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By Andrew P. Napolitano
Fourth Amendment says Obama is not at liberty to collect metadata
Independent voices from the The Washington Times Communities
Topic - Cameron Quinn
Fairfax County is the only county in Virginia history with a federal mandate to provide language assistance to English-deficient Hispanic voters in a presidential election — a development delighting activists, straining election officials and worrying those who argue that voters should know English well enough to participate without help.
Nearly one-third of active voters in Fairfax County — Virginia's most populous jurisdiction and a crucial battleground in the Old Dominion — might not be able to vote or could end up going to the wrong polling place on Election Day, according to the county's Office of Elections.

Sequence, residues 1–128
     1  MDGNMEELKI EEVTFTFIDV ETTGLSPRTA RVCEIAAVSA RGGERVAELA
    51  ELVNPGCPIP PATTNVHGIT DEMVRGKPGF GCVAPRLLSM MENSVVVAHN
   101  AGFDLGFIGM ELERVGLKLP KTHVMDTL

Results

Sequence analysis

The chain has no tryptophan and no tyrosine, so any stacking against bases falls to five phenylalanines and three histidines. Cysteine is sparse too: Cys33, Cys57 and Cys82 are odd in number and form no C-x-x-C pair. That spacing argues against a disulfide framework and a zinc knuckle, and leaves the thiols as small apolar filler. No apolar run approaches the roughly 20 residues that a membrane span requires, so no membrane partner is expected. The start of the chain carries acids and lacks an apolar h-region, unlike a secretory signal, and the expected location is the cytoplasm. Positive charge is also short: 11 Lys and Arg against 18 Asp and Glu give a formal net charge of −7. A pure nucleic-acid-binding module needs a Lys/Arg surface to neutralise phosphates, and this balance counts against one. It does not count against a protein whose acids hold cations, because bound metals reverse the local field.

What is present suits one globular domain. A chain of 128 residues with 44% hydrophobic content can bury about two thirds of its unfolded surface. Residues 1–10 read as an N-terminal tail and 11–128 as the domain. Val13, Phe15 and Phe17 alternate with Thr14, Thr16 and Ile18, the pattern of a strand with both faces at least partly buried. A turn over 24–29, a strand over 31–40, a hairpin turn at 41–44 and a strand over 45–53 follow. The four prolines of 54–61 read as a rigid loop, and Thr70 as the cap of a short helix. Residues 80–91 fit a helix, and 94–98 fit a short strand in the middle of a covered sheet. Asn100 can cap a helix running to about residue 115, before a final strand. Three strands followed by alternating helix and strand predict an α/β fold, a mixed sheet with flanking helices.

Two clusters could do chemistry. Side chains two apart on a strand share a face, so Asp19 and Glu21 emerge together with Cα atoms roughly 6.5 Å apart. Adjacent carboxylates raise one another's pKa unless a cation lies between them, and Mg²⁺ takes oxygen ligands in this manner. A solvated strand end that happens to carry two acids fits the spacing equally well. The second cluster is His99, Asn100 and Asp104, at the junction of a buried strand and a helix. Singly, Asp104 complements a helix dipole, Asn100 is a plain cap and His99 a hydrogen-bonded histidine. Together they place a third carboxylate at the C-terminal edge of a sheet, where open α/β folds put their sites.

Ms. Quinn said her office works with the county's public affairs shop to develop new press contacts, and she has noticed an uptick in inquiries when Spanish-language television stations run election stories on the state's new voter-ID law.
"People who are illiterate in English and bilingual are sometimes illiterate in Spanish," she said. "In a sense, we're messaging to people who aren't going to be picking up messages, literally. Last year, our only option was to create Spanish-language equivalent [signs] and put them up."